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September 21, 2011

It is what it is

There seems to be some talk at the Lib Dem conference about rebranding the new student loan scheme as a graduate tax (see Elizabeth Gibney's piece here). However earnest Simon Highes and Vince Cable sound, this is a wheeze that is doomed to failure for the simple reason that the new scheme is not a graduate tax.

With a graduate tax, it works like income tax. The basic principle is that all graduates earning the same amount pay the same. But under the new scheme from 2012:

* You have to pay even if you don't graduate 

* The amount you pay back depends on where you study

* The amount you pay back depends on what you study

* The amount you pay back depends on when you study  

* The amount you pay back depends on how long you study for

* The amount you pay back depends on how much you already paid back in previous years

* Your payments terminate when your loan is paid off, not when you stop working

* You have to pay even if you leave the country

* Foreign nationals who graduate from an English university and return home also have to pay

* You have the option to pay off your loan early and not pay anything in future years

* If the government goes ahead and sells off the student loan book then, unlike a tax, graduates won't even be repaying the government but a private company, with the government simply acting as an all-powerful debt collector.

The truth about the new scheme is that it is neither what we understand as a tax, nor what we usually understand as a loan, and I wish people would stop trying to force it into one container or the other. It just is what it is.



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You can make a list like that of all the rules around income tax as well. The fact is, it's important to put the system in terms that people will understand.

I see sixth formers on TV talking about having debt "hanging over them" as if the bailiffs are going to come calling, because that's what loan makes people think of. Tax makes them think of a percentage taken off their payslip. Which is more accurate?

@Nick Your argument is not with me...

Yes, it is important to explain the system in ways people can understand. However, you can't do that by pretending the system is something it isn't. That's not explaining, it's deceiving.

The government have created a complicated beast with a variety of advantages and disadvantages, some quite subtle. That makes it difficult to explain. But that was the choice that ministers made. If the system's too complicated and puts students off, that's not my fault but a flaw in the policy.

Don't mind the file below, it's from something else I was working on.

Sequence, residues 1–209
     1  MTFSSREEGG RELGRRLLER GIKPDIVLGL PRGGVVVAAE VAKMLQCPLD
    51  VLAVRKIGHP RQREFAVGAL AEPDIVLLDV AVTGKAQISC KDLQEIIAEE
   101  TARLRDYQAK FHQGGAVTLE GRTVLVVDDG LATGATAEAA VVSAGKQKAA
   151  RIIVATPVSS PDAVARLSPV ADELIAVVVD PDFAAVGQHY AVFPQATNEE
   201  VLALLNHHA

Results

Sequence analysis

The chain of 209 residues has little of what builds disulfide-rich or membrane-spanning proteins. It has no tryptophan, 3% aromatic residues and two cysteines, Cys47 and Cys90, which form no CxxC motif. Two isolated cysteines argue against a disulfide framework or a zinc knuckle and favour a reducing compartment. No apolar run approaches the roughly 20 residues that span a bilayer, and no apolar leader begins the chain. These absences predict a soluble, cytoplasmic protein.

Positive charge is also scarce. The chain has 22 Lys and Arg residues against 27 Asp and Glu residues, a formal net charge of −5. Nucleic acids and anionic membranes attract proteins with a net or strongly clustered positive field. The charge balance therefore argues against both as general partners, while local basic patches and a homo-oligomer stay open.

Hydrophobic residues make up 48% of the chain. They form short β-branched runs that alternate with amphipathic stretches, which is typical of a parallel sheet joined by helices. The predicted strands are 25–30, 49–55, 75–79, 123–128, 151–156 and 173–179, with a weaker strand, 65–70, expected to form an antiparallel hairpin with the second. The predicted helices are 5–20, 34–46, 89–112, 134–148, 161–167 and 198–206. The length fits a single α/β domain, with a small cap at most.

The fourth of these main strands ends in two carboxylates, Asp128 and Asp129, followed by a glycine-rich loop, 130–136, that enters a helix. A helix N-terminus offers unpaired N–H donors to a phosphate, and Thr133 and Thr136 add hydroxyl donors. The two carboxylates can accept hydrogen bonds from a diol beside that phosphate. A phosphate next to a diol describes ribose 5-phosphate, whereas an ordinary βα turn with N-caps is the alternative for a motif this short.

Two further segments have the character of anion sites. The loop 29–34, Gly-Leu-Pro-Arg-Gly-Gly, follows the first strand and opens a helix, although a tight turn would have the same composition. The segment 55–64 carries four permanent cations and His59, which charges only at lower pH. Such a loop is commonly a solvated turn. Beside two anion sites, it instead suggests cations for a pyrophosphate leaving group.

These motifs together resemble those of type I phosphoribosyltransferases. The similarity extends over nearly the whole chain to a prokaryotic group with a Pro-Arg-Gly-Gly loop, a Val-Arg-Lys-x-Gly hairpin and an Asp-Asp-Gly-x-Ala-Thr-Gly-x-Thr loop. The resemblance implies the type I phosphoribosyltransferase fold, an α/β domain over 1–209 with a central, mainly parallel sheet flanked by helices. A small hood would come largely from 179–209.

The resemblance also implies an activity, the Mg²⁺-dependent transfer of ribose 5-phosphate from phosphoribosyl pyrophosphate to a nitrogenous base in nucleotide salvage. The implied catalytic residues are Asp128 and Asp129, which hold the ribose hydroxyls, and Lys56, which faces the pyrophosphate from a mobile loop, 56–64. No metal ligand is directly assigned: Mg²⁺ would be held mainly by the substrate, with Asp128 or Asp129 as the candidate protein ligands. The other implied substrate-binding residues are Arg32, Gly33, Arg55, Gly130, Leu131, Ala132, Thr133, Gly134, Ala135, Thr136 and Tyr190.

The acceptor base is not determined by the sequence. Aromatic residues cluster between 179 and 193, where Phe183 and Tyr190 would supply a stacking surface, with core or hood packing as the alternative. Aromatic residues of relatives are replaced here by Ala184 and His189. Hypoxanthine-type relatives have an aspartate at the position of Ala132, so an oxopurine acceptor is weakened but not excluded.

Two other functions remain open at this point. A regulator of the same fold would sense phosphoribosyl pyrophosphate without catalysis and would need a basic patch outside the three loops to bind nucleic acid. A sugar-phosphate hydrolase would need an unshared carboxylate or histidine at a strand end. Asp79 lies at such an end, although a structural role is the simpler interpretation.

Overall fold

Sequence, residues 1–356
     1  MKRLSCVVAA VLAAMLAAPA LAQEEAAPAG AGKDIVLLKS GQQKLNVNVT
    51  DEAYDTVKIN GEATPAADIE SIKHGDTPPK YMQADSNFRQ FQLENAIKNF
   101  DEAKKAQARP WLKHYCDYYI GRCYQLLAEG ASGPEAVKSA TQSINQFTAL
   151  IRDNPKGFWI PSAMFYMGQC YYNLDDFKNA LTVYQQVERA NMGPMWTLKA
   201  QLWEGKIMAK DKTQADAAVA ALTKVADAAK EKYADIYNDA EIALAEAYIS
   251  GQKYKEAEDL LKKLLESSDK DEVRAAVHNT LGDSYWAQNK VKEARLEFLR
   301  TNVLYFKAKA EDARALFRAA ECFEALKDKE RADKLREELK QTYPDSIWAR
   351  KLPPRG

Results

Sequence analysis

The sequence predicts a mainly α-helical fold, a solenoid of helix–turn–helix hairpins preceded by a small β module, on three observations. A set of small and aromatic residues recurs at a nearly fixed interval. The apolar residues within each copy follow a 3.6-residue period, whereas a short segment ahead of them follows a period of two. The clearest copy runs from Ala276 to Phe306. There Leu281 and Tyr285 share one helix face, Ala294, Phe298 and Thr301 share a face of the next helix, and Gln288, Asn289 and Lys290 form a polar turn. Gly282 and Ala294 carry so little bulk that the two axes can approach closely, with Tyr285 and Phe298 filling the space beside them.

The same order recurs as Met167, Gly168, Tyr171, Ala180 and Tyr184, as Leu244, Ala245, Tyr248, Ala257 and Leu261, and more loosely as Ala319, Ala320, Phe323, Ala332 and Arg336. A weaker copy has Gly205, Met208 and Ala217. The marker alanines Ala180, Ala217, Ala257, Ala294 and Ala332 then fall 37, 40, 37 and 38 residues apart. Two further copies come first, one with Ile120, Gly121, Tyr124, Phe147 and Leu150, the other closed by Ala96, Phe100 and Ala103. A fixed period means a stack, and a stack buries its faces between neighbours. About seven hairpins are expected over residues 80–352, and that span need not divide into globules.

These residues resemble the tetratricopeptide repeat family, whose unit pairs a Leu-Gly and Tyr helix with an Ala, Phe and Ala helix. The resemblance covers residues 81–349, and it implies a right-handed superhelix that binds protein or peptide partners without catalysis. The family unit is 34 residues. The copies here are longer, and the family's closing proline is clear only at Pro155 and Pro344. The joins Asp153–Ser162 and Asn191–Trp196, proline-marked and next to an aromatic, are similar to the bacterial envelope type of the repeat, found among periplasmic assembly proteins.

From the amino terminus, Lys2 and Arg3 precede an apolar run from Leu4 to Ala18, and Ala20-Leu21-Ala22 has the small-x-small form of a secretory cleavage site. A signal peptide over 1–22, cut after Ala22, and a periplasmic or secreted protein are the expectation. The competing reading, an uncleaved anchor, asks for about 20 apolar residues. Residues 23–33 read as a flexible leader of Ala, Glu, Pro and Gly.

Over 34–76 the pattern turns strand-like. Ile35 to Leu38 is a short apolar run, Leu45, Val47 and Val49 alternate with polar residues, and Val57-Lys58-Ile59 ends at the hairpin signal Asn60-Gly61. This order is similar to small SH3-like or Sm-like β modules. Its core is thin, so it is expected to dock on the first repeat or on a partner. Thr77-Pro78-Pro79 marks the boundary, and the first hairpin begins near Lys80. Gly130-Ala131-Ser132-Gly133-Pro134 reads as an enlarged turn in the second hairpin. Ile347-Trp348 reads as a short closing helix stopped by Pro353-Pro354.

Also, graduates under the current system have clearly felt that they have debt hanging over them. Nobody should be surprised if doubling or tripling tuition fees makes them feel more heavily weighed down. Again, this is a mundane and predictable consequence of the policy ministers have chosen. If you don't like it, take it up with them.


If only it were that simle!

I think you may need to correct 'depends' to 'may depend' pretty much throughout, because of course the one very tax-like quality of this loan is that you never know how much you may have to pay in future...


My argument's not with them - they're proposing doing exactly what I'd do and calling it a tax, because that's what it most closely resembles. It even aligns very well with the NUS graduate tax proposals. The fact that it has its own rules that don't match income tax is irrelevant, because it's graduate tax not income tax. But the core principles, specifically the payment method and link to income, are broadly the same.

"Calling it what it is" is all well and good... but what is it if not one or the other? If it's not a loan or a tax, what do we call it?

Whilst fees are abolutely necessary to maintain the highest quality of education, a graduate leaving university with 30k worth of debt is going to find that hard to recoup even with a well paid job at the end. It's all swings and roundabouts - whilst paying off debt, people are not spending, and thus not contibuting to the overall tax pot in other ways, which we all have to compensate for in the end.

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